It’s a shame really. I don’t doubt that there is the subject matter there for a compelling account to be written by someone. But such a task is very difficult for the person caught up in the events themselves, and requires a combination of writing skill, passion and objectivity. And there are important points of public interest, sadly not as well articulated as they might be.
So, onto the little legal difficulty.
This book contains an enormous amount of detail about the proceedings and about the lives of the parties. It gives a high degree of geographical specificity and the employment backgrounds and business careers of the parties are highly specific. It appears that the anonymity is limited to the changing of the names of the parties and child and of the lawyers, judges, experts and CAFCASS officers involved in the case. I seems highly likely that Mrs Pseudonym would be quite able to identify herself readily should this book come to her attention, and it seems highly likely that she would be both upset and angry at its depiction of events and indeed of her (in essence she is drawn as an evil, manipulative, warped, emotionally abusive individual). It appears in part that the book has been written in the hope that it will one day explain to the child (who must I think be approaching his teens) what “really” happened. How the child might react to that is anyone’s guess, but it would be concerning indeed if he were to find it on the internet and recognise his family described within it. I would hazard a guess that the professionals involved in the case would recognise the case and themselves.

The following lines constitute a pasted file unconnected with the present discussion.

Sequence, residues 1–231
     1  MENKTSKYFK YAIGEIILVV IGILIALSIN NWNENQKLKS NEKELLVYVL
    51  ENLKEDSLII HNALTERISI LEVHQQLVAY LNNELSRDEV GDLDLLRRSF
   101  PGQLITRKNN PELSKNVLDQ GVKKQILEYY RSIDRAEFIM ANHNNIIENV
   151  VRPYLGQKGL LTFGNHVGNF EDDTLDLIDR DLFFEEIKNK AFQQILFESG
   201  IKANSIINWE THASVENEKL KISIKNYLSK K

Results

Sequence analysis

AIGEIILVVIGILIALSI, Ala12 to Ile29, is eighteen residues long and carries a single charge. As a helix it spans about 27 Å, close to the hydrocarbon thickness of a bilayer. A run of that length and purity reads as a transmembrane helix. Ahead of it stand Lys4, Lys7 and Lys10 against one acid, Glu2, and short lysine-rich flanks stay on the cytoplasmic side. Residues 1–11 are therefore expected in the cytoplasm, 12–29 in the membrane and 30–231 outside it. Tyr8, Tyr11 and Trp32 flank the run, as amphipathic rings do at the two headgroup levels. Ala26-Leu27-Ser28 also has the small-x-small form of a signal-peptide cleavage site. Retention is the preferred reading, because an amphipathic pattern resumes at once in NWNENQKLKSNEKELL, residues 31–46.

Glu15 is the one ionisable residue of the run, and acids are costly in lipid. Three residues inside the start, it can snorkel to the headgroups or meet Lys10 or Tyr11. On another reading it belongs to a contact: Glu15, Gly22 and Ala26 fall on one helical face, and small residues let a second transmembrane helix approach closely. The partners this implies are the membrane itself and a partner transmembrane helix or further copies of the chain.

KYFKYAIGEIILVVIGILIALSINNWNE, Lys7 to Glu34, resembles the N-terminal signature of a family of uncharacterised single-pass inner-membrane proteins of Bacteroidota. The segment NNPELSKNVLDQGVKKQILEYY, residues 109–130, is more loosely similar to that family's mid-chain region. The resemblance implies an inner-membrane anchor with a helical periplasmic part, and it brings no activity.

Amongst other things the book contains some details of CAFCASS recommendations and lay, professional and expert evidence, judicial comment and submissions made in hearings. One can track the case through a particular County Court near where the parties lived and ran their businesses up to the Family Division. The judges are described, although sadly, since it is not a court I am familiar with, I have not been able myself to identify them. I am sure local practitioners would be able to do so with ease.
I have been deliberately quite careful not to repeat any of the specific information that could lead to identification. The book is not so cautious.
Unless the author of the book has sought and obtained specific permission from the court to publish the material contained in his book it is in my view a publication contrary to the Family Procedure Rules 2010 and contrary to s12 Administration of Justice Act 1960. I make no comment as to whether or not it may be vulnerable to a claim for libel since this is not my area of expertise.
The law in a nutshell: